Raptor Watch

September 28, 2015

Kasey Cheydleur

Steph Szarmach ’15 holding a Northern Harrier
Steph Szarmach ’15 holding a Northern Harrier.
Photo credit: Steph Szarmach

Steph Szarmach ’15, a biology and environmental studies major, says she has known for a while that she wanted to pursue a career in conservation biology. After a summer research experience with Boise State University’s Raptor Research program, she narrowed her focus to birds of prey. When a fellow student in her ornithology class mentioned the Golden Gate Raptor Observatory program (GGRO), she knew she had to follow up. “I knew an internship with the GGRO would be a perfect fit because it would allow me to gain more experience in field biology, apply raptor research skills I learned last summer, and explore public environmental education and citizen science” says Szarmach.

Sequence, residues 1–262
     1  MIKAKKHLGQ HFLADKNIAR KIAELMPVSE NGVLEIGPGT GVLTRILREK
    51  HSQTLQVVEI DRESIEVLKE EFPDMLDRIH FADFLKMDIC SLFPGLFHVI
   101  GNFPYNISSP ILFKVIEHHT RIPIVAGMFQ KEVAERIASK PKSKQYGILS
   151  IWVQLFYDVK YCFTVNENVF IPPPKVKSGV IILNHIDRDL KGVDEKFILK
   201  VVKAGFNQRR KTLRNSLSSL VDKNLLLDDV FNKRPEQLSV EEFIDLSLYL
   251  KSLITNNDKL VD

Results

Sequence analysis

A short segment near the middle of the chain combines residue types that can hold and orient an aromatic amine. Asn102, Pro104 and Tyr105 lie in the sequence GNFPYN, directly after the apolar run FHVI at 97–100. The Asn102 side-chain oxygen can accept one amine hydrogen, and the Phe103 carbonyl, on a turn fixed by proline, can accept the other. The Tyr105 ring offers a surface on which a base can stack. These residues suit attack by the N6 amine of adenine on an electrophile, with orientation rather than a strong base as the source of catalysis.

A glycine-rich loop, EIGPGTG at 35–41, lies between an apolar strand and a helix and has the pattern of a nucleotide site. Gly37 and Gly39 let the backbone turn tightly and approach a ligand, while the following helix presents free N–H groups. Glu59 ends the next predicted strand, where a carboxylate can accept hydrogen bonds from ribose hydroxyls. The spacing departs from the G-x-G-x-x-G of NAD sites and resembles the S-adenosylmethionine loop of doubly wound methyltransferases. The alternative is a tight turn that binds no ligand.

The Stratham, New Hampshire, native now spends five days a week identifying and counting raptors flying through the San Francisco Bay Area. She also catches individual raptors to collect data on size, age, sex, and health of the birds; she then releases them with a non-invasive leg band so they can later be identified and researchers can learn more about where the birds are traveling and the threats they face in the wild. The research is part of a long-term data set being used to answer questions about raptor movements, environmental threats, and the effects of climate change.

Szarmach says working with the community is an important part of GGRO’s work. “Since our Hawkwatch site is so close to a major metropolitan area, the Golden Gate Raptor Observatory is much more accessible to the public than other organizations’ sites. Working with so many talented and enthusiastic citizen scientists is definitely one of the most rewarding parts of this job. This program shows that a person doesn’t need to have a degree in biology or a career in a science-related field in order to contribute meaningfully to important research.”

In the future, Szarmach says she wants to continue her field experiences and eventually pursue master’s or PhD in conservation biology with a focus on raptor biology and population genetics.

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